All of your previous collaborations dealt with weighty real life themes. How do you think music, and in particular opera, can help our understanding of contemporary issues?
Adam: I would probably never attempt to write a purely instrumental work that attempts to deal with political themes, as I go along with the Stravinsky maxim that ‘Music can only express itself’. However when one has words to deal with in a dramatic context it’s a different issue. Having said that, I think it is important not to get too restricted by the themes explored – I wouldn’t want to write ‘Agitprop’. I would like to think that Anya 17 can be appreciated as a story of brutally thwarted love, cruelty, loss and reconciliation as well as exploring the gruesome subject of trafficking. For me the musical/dramatic experience must come first.
As opposed to the new opera, Anya 17 was different for me in that I knew almost nothing about the subject matter when Ben suggested the idea. I was delighted when the work won an award at the House of Commons, but I’d much rather people come out having been moved by the experience they’ve had in the theatre. This may encourage them to explore the issues more. That’s all I think I can do. Both Anya 17 and The Path to Heaven end with a message of hope.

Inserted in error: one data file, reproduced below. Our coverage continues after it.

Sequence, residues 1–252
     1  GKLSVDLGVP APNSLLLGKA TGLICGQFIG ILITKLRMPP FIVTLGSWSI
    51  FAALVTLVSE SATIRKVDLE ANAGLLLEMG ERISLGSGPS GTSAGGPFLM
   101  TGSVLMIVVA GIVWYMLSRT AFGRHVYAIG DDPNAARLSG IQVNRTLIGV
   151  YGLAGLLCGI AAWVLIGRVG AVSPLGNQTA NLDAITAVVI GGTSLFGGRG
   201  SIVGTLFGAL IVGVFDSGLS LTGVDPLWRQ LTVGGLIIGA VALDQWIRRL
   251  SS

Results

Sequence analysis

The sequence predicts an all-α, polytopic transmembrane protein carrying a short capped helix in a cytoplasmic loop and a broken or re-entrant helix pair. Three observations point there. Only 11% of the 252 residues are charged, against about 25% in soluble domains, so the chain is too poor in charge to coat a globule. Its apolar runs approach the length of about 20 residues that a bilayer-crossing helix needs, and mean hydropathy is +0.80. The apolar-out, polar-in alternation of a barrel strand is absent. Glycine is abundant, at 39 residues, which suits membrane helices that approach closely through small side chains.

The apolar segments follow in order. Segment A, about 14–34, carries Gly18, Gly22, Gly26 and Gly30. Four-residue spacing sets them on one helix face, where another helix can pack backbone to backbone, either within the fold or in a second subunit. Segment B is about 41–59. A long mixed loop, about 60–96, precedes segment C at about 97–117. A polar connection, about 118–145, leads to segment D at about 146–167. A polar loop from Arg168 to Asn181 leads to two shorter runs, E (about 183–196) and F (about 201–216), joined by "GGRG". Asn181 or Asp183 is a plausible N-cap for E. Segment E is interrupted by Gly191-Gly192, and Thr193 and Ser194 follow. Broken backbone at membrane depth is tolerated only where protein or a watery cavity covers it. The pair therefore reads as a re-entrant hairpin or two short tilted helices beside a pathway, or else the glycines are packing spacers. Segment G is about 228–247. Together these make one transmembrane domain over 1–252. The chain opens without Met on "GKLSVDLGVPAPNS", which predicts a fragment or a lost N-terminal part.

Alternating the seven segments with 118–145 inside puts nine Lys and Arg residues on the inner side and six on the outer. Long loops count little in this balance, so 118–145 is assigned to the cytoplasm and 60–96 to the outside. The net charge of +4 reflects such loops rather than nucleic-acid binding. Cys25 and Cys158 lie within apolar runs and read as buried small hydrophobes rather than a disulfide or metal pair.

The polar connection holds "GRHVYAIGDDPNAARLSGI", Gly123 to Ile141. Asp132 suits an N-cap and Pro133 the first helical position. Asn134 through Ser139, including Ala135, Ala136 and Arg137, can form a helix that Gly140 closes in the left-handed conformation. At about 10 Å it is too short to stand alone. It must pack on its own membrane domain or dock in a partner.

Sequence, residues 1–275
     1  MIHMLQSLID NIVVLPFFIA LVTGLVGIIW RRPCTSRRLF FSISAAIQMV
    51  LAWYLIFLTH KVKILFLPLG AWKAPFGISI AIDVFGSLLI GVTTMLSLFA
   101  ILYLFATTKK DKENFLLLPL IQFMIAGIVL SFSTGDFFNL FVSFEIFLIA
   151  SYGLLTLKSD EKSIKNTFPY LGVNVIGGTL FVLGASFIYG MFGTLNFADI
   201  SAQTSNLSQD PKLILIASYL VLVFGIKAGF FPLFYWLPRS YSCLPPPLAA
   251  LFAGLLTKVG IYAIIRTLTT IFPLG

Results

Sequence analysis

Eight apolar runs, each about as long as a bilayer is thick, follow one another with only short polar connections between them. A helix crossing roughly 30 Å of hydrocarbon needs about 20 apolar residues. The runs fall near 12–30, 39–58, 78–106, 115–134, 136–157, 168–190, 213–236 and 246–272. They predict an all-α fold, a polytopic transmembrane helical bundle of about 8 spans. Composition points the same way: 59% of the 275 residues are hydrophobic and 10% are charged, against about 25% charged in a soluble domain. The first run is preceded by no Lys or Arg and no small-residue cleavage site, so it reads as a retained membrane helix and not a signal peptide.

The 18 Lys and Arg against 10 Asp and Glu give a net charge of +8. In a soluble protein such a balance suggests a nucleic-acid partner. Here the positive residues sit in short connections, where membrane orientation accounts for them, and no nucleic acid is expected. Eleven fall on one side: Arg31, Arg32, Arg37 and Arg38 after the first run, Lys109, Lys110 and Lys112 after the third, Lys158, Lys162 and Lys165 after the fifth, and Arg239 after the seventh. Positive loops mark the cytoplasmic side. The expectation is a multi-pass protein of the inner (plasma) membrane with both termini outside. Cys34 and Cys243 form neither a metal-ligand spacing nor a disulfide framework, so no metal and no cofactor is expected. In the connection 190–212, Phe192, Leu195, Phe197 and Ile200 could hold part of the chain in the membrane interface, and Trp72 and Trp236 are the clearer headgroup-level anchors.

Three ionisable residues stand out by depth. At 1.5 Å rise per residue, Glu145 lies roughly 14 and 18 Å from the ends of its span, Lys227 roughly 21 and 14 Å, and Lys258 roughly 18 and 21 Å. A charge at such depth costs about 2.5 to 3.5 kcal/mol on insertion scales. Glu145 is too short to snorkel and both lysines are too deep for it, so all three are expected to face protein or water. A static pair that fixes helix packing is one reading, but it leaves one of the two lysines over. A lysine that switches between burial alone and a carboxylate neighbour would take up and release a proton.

The final words of The Path To Heaven are ‘Let Them Play’; in other words, let us live in a world where peace prevails and people are allowed to interact fruitfully, which of course is as relevant now as it was at the end of the Second World War. I may not personally be able to directly do anything about the dreadful things we hear about happening in parts of the world, but (speaking for Ben as well) perhaps writing operatic works is our way of not staying silent.
Fiona Finsbury as Hanna and Caroline Taylor as Sara.
Director Stefan Janski, Holocaust survivor Arek Hersh and composer Adam Gorb.
Rehearsals for The Path to Heaven, the Howard Assembly Room, June 2018. Credit: Sarah Foubert.